Gander-Pulling

 

 

 

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By Dan Beard

" Gander-Pulling" and "The Goose Hangs High"

tbp362.gif (18199 bytes)
Fig. 362.
A Gander-Pulling Contest

When the stern Indian-fighters of the "Dark and Bloody Ground" of Kentucky and the other old frontiersmen sought relaxation in athletic sports, their games were naturally somewhat rough, but, considering the lives they were forced to lead, we cannot justly accuse them of intentional cruelty when they yanked the soft-soaped neck of a live gander in boisterous competition to see which of them was skilful enough to pull the poor goose from the perch. 

But you boys of to-day can have the same fun without the slightest cruelty to any living creature, and at the same time preserve the historic and truly American sports.  We must have a dummy goose as a substitute for the live one. Figs. 362 and 363 show patterns and details of a goose for this purpose.

 How to Make the Goose

tbp363.gif (15607 bytes)
Fig 363. 
The Gander and Details of His Make-Up

To give the bird a life-like appearance, make a neck. bone of a piece of rattan, as shown by A B C (Fig. 363); fasten one end of this to the middle of a brick-shaped block of wood with some tacks, small brads, or staple-tacks, as in the diagrams. Make the body of a bag of denim or some other strong material. Cut the pattern after that shown by C (Fig. 363), in two pieces, and stitch it down the back with strong waxed thread far enough to hold its shape, while the rattan neck and wooden-block hip-bone (J B C, Fig. 363) are inserted and held in place with the excelsior stuffing and the shoulders are stitched together. Before sewing the whole body together stuff it well with excelsior. 

The material for the neck must be as strong as that used for the body, and of a substance that may be made very slippery by smearing it with a copious supply of Vaseline or any other similar stuff which will not become too hard when exposed to the cold. 

Some sort of pliable leather is best adapted for the goose's neck. From this cut a pattern of the shape shown by D (Fig. 363). Fold the material in the center as at E (Fig. 363), stitch it with shoemaker's waxed-ends, as in the diagram, turn it inside out as you would a stocking, so that the seam will be on the inside, and you have the neck of the goose completed.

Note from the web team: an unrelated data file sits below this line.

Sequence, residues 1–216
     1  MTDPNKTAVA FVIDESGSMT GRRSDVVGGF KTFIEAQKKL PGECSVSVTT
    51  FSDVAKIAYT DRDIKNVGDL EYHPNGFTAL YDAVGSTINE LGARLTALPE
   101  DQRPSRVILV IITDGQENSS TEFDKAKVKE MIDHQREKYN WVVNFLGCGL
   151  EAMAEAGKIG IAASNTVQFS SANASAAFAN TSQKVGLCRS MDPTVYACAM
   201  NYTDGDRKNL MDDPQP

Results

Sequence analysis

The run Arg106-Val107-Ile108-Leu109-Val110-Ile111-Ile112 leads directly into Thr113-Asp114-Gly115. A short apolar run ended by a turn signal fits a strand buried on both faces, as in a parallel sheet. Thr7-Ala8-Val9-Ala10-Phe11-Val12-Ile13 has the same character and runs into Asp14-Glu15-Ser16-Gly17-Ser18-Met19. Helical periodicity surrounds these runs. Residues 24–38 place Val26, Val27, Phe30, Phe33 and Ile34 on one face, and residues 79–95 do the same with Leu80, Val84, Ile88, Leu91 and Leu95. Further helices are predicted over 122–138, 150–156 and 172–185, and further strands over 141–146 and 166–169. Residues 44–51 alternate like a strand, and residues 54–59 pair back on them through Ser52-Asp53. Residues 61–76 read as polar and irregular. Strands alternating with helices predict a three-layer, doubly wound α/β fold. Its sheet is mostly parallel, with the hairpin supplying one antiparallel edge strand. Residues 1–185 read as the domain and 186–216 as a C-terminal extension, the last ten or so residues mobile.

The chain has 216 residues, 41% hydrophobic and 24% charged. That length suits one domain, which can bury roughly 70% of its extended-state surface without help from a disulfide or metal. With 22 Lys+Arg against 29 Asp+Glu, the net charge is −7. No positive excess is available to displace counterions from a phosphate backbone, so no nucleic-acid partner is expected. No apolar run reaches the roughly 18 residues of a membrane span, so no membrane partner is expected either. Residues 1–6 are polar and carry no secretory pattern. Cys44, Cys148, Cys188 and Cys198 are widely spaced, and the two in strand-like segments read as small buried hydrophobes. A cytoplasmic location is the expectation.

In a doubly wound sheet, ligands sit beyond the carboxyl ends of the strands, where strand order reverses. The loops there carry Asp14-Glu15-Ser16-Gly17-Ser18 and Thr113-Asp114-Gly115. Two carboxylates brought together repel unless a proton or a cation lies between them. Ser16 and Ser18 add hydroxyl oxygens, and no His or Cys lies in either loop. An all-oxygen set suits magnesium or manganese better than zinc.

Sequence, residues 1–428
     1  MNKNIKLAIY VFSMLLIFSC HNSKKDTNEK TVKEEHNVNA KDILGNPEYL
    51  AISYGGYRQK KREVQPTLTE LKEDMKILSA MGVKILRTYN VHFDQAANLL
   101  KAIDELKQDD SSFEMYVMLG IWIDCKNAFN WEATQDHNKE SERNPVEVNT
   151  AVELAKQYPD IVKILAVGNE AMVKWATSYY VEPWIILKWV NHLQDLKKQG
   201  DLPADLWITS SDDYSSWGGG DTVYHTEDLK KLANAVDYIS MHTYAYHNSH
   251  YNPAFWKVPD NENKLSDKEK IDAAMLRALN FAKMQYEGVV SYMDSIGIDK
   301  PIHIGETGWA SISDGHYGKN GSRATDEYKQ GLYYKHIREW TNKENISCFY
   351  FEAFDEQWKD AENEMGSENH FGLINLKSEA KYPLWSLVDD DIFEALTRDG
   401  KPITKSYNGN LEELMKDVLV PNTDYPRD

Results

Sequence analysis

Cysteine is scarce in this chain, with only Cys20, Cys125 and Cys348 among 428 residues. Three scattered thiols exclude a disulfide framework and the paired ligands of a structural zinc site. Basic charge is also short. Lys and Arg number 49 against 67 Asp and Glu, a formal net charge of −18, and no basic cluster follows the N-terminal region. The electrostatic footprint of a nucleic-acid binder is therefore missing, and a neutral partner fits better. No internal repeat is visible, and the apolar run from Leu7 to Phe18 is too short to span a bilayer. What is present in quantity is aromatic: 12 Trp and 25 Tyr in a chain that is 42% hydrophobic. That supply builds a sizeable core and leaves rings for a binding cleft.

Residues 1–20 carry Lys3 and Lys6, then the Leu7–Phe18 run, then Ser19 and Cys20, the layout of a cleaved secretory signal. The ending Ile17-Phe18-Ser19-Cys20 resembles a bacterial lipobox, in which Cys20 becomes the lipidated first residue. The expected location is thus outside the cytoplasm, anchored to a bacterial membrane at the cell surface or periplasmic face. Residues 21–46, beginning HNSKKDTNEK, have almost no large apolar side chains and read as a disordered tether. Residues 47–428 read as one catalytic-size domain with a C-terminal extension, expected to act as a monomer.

But to make it more natural as well as more comical the eyes and the beak should be painted, as they are in Figs 362 and 363. Fill the neck with excelsior loosely enough to allow the insertion of the neck-bone, then slip it over the bone and double-stitch the lower edge to the shoulders with strong, waxed linen thread. It is most important that 'the goose be made tough and strong. The leather cover of a foot-ball makes an excellent body for the goose.

His Wooden Legs

For the legs, cut two pieces of pine wood of the form shown by the dotted lines at B (Fig. 363) and full lines in Fig. 362, and nail them (with two small nails to each leg) to the hip-bone (C, Fig. 363), as shown by the dotted lines at B (Fig. 363). The Daniel Boone gander will then be ready for the perch G upon the gander post J (Fig. 363), where he should stand, as shown in Fig. 362.

The Gander Post

For the gander post use any sort of timber of about the thickness of a fence-post and long enough so that when the pointed end (K) is driven into the bottom of the pond the other end will protrude above the ice just high enough to place the gander within reach of the uplifted arm of the player (Fig. 362). Bore a small hole in the top of the post so that a round spike may be driven in without splitting the wood. H shows the top, K shows the bottom, and G the gander-post spike and perch fastened to the post. 

You can see by Fig. 362 that the perch itself is simply a block of wood with a hole through its center so that it may revolve freely on the spike as upon a pivot. 

To erect the gander post, cut a hole through the ice just large enough to admit forcing the post through it, then drive the pointed end of the post into the bottom far enough to make the post stand firmly and erect (Fig. 362).

tbp364.gif (17554 bytes)
Fig. 364. 
Rah! Rah! Rah! Victory!

Now take the goose and fasten its legs to the revolving perch in such a manner that it will require a good, smart tug to tear it loose. After the neck is plentifully smeared with Vaseline you are ready for the game. 

"Gander-Pulling"

consists in pulling the bird loose from its stand by grasping the slippery goose-neck while skating at full speed. If the bird is properly made and adjusted there will be lots of excitement, no end of fun, and many laugh- able failures before the winner succeeds in triumphantly snatching the slippery-necked bird from its perch, as in Fig. 364. Of course you may vary the contest by having the competitors start singly for record time; and it will therefore be necessary to have a hammer, tacks, and a plentiful supply of extra legs to keep the goose in working order. The gander post may be erected on land and the players ride horseback as did the old pioneers. 

The next game is called "The Goose Hangs High," because to make a goal the player must have the goose in the crotch of the gander stick. This game is also played with a canvas or leather goose, and by players on skates or horseback.

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Last modified: October 15, 2016.